“Dank, you wanna come meet my dog?” Asks Rodriguez the next day on the yard.
Walking up on me from behind on the track with his dog, he stops and tells his dog to sit. I look at Niko, a golden retriever that looks like he belongs in a Disney movie, and I felt something that I hadn’t felt in a long time: hesitation. I thought that spending half my life around people, good and evil, that I have had destroyed any feeling of anxiety inside me. But when Niko approached and tried to lick my hand, my instinct was to pull my hand away from his touch. Niko, stopped by the leash, just stood there with his mouth open, panting, wagging his while my subconscious froze me in place.
I wasn’t worried that the dog was going to bite me. Niko, smiling if a dog can smile and with the same color hair as my first crush, made me nervous for reasons I really wasn’t sure of at first. Was there something wrong with me? Was I scared that somehow I might accidentally hurt him? Touch him wrong? That once he got closer, he really wouldn’t like me? Grown men, dangerous men, human monsters didn’t scare me, no matter their size. But what was in this little dog that backed my hand away?
“Just let him lick your hand. He likes being petted behind the ear…”
It had been so long since I had any affectionate contact, real contact, since I had given any to any living thing of any kind. In that moment, what I felt was the unknown… not knowing how to deal with the emotions I felt welling up. Not of being frightened, not of being scared of the affection. The terror I felt in that moment was from being forced to acknowledge an absence I’d pretended every day to ignore, to harden myself against. Institutionalization isn’t the insult of the constraints the state puts on us. It’s from the barriers we build up in ourselves, to protect ourselves, to pretend that nothing else really matters. And this beautiful, friendly dog was shattering that to pieces.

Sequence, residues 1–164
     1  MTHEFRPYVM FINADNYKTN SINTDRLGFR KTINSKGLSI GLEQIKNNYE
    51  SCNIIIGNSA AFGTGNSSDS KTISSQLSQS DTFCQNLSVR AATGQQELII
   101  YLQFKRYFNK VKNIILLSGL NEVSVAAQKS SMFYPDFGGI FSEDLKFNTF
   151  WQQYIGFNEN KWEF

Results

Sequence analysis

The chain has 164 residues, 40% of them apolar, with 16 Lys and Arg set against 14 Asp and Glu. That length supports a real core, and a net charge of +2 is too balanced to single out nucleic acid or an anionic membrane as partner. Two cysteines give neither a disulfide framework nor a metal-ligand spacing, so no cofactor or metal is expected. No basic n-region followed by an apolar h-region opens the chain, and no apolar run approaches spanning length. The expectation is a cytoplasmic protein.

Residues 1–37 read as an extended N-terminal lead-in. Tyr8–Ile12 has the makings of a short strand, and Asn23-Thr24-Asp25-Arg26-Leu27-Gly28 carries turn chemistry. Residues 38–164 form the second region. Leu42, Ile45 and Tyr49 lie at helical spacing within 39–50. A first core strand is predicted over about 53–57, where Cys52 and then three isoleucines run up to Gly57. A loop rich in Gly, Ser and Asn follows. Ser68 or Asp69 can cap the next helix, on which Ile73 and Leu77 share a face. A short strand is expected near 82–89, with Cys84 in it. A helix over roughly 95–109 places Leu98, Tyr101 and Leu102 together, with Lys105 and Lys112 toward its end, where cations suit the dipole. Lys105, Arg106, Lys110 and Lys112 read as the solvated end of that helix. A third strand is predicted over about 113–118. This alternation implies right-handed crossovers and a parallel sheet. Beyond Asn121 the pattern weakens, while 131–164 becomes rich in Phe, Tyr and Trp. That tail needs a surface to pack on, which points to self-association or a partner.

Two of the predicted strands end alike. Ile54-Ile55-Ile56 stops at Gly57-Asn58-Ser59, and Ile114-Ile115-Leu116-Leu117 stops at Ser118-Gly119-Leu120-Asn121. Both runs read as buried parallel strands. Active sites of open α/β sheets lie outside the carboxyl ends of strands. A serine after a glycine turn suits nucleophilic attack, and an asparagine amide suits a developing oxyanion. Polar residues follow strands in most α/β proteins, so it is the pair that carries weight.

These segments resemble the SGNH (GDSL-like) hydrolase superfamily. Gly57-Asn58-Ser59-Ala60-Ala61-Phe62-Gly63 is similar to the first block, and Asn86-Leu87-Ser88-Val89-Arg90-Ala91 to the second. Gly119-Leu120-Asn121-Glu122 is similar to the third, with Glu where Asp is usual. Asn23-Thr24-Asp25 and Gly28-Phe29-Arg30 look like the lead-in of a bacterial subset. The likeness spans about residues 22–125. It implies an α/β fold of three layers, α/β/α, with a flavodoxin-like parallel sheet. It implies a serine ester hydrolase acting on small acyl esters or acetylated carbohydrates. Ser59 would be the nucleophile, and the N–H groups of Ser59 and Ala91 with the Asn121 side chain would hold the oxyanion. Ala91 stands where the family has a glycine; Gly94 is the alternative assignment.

But I was not going to be beaten. I was not going to give up. I am a person. I am human. And I have the strength to face, not the dog, but my fractured past. I gathered up a smile and reached my hand forward.
Niko almost devoured my hand, not with teeth but with licks. I ran my hand down his silky coat, and as a reaction he twisted around and leaned his whole body against my legs, his wagging tail whacking the back of my knees. In an instant my anxiety fell, and I leaned down to give the dog a hug. Covering my face with kisses, he laid down on my shoes as I scratched behind his ear. My hands ruffled his fur, and for a moment, I felt free.
A year later, out of thirty or so dogs at any given time, I can name 25 of them. While still not a trainer myself due to my other job, I have worked with multiple trainers and helped train and teach these young dogs new tricks. I watch as a friend of mine, a 36-year old juvenile lifer with a history of violence in and out of prison, transforms into someone completely different around these dogs, being given the most abused, difficult-to-train dogs to rehabilitate because no one else can work with them. And the dogs listen. And when I listen to the dogs, I smile more than I ever have in prison.
Chris Dankovich #595904
Thumb Correctional Facility
3225 John Conley Drive
Lapeer, MI 48446